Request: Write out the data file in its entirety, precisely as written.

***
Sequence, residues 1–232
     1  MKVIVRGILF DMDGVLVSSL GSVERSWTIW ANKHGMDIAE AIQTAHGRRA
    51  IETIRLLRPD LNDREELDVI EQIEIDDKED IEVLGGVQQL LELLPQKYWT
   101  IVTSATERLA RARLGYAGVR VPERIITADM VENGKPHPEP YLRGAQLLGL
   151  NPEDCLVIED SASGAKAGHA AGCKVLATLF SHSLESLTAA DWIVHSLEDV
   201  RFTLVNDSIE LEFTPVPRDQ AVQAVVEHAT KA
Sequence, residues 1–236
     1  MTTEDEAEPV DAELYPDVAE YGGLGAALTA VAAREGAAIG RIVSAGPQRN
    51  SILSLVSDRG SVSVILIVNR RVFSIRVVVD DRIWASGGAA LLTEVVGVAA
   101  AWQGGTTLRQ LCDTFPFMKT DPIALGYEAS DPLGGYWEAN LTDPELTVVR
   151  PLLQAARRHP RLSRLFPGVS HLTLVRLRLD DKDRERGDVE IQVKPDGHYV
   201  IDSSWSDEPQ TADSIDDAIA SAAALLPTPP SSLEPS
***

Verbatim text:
Sequence, residues 1–232
     1  MKVIVRGILF DMDGVLVSSL GSVERSWTIW ANKHGMDIAE AIQTAHGRRA
    51  IETIRLLRPD LNDREELDVI EQIEIDDKED IEVLGGVQQL LELLPQKYWT
   101  IVTSATERLA RARLGYAGVR VPERIITADM VENGKPHPEP YLRGAQLLGL
   151  NPEDCLVIED SASGAKAGHA AGCKVLATLF SHSLESLTAA DWIVHSLEDV
   201  RFTLVNDSIE LEFTPVPRDQ AVQAVVEHAT KA
Sequence, residues 1–236
     1  MTTEDEAEPV DAELYPDVAE YGGLGAALTA VAAREGAAIG RIVSAGPQRN
    51  SILSLVSDRG SVSVILIVNR RVFSIRVVVD DRIWASGGAA LLTEVVGVAA
   101  AWQGGTTLRQ LCDTFPFMKT DPIALGYEAS DPLGGYWEAN LTDPELTVVR
   151  PLLQAARRHP RLSRLFPGVS HLTLVRLRLD DKDRERGDVE IQVKPDGHYV
   201  IDSSWSDEPQ TADSIDDAIA SAAALLPTPP SSLEPS